In his remarkable review essay [PDF] of my book, The Decision Between Us, Jacques Khalip (Professor of English, Brown University) beautifully illuminates the ways in which something as ordinary as a blank sheet of paper is—for me, in my thinking and in this work—an aesthetic event and an ethical scene. Not a place or product in the service of judgment, but the spacing of decision. The measure of which lies in the separation or apartness that sustains the between-ness of our being-together.
With great care Khalip attends to the aesthetic and ethical dimensions of my argument, and makes evident how “art and art’s ethical deliberation are…of a piece in this study,” and how “art measures (even if it is measureless) the infinite demands of an ethos that appears and disappears under our feet.”
Of the many, many things that I appreciate about Khalip’s reading, I especially value his foregrounding of my chapter on Roland Barthes, “Neutral Mourning,” and its reading of Camera Lucida alongside Barthes’ lectures at the Collège de France and the mourning diary that Barthes kept immediately following his mother’s death. For here is where a Roland Barthes emerges whom I believe is so deeply informed by Maurice Blanchot and Blanchot’s own philosophy of the neutral. It is also here where we truly begin to gain a sense of what it means for Khalip to cast my work as its own form of “queer neutrality” and what import this might have, not only for queer theory, politics and ethics, but also for the study of the work of Barthes and Blanchot.
As the concluding paragraph, Khalip writes,
If The Decision Between Us impresses upon us an ethics that is not coterminous with the self-possessed subject, the galvanizing effect of this reasoning is to bring into view an awareness that art is the intensification of an ethics-beyond-ethics, a kind of thinking that occurs beyond mere identity, narration or historical contextualization. Among the various illuminating moves in Ricco’s book is its immersion in the various environments it evokes and theorizes, at once setting up scenes while at the same time distancing the reader from them, page after page. As readers, we cannot help but waver between decision and indecision with each of Ricco’s arguments—every movement forward compels a further critique and judgment. Indeed, the book is buoyed by the anonymous, aesthetic power between decision and indecision, not as a choice between positions but as a contamination in the very space of the two that propels unending, queer deliberations.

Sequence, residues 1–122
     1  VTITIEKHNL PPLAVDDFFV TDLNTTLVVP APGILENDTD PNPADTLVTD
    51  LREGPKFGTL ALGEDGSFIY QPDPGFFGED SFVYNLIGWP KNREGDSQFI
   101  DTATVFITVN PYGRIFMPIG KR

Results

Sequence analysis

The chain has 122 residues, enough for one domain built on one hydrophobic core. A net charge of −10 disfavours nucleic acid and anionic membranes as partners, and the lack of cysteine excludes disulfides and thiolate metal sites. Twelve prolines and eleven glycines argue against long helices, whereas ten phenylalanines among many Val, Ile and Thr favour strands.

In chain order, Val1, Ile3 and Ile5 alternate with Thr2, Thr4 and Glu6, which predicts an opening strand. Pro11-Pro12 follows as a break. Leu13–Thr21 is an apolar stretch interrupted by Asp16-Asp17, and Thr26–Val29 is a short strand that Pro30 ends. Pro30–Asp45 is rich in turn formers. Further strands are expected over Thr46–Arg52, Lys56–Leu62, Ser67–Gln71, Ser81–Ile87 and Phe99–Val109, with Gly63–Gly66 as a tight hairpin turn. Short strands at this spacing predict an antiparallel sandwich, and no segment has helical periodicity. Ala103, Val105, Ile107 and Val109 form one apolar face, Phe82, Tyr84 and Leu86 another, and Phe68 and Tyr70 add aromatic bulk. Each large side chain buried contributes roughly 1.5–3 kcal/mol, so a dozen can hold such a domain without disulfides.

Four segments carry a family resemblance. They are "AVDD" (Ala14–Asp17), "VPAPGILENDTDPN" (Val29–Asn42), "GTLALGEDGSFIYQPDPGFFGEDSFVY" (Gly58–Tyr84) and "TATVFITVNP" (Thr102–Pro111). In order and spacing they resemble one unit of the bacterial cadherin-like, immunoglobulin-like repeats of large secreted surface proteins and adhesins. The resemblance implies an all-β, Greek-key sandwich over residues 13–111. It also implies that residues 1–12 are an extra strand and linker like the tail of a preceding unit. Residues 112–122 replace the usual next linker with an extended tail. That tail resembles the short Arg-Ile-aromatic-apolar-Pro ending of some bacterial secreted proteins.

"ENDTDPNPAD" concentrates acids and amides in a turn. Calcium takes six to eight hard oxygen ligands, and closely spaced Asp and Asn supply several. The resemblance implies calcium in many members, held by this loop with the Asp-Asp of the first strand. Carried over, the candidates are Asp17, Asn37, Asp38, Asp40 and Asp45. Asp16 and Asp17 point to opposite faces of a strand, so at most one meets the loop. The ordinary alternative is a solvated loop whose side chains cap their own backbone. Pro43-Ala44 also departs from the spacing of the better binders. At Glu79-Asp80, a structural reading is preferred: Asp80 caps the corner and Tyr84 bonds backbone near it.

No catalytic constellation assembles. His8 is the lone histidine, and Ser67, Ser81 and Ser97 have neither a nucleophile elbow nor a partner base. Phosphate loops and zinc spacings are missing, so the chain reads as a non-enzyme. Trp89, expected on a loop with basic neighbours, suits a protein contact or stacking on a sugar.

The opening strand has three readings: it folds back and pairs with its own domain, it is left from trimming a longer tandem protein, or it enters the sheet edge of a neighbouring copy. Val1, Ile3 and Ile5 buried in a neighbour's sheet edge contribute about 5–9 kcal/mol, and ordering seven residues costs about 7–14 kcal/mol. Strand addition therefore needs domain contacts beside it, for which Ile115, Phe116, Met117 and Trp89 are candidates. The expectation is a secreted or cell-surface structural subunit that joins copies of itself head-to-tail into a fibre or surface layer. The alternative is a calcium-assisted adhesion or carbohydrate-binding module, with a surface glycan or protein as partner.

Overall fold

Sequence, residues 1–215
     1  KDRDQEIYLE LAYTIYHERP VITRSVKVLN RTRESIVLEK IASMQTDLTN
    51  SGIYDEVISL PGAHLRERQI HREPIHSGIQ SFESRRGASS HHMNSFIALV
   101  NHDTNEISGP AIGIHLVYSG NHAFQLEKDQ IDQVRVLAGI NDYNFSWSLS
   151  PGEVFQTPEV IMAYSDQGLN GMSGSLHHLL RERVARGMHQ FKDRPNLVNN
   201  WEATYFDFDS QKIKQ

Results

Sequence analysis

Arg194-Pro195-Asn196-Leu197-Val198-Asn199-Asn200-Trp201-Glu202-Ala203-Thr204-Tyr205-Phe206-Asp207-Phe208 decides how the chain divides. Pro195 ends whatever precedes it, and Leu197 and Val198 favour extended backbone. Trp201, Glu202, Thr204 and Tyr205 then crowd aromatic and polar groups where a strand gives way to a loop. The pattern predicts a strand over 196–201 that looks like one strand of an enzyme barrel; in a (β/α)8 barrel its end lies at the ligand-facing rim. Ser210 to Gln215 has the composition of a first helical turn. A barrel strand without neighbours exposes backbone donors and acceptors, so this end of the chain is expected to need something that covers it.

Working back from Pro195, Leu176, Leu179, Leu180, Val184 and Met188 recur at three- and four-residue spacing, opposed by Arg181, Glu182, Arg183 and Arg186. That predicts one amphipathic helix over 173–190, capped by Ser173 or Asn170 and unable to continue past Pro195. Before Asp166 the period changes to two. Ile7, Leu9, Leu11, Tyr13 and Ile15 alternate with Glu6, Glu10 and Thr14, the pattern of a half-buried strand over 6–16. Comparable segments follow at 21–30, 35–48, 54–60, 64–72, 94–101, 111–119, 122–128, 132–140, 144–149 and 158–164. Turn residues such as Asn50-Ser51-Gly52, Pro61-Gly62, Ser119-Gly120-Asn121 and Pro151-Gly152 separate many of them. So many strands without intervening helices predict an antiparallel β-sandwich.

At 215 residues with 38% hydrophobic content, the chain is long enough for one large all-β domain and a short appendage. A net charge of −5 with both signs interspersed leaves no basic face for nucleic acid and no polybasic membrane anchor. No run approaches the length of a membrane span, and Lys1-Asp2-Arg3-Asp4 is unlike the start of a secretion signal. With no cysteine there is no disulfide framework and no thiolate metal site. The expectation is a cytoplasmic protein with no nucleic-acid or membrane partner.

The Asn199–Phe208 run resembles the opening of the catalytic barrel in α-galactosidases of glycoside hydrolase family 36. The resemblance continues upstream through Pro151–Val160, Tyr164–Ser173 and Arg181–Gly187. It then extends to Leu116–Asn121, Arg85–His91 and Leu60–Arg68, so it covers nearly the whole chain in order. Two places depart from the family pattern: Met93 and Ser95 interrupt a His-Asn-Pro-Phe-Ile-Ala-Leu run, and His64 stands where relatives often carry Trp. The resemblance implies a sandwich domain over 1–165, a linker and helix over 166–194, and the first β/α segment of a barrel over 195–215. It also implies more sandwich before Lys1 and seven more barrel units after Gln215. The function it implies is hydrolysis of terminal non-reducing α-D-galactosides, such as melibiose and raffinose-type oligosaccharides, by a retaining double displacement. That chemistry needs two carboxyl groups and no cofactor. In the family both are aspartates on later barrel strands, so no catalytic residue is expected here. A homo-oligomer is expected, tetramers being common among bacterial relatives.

I am deeply and sincerely grateful for this review, and as my work continues to move on, I will remain indebted to Jacques Khalip’s reading.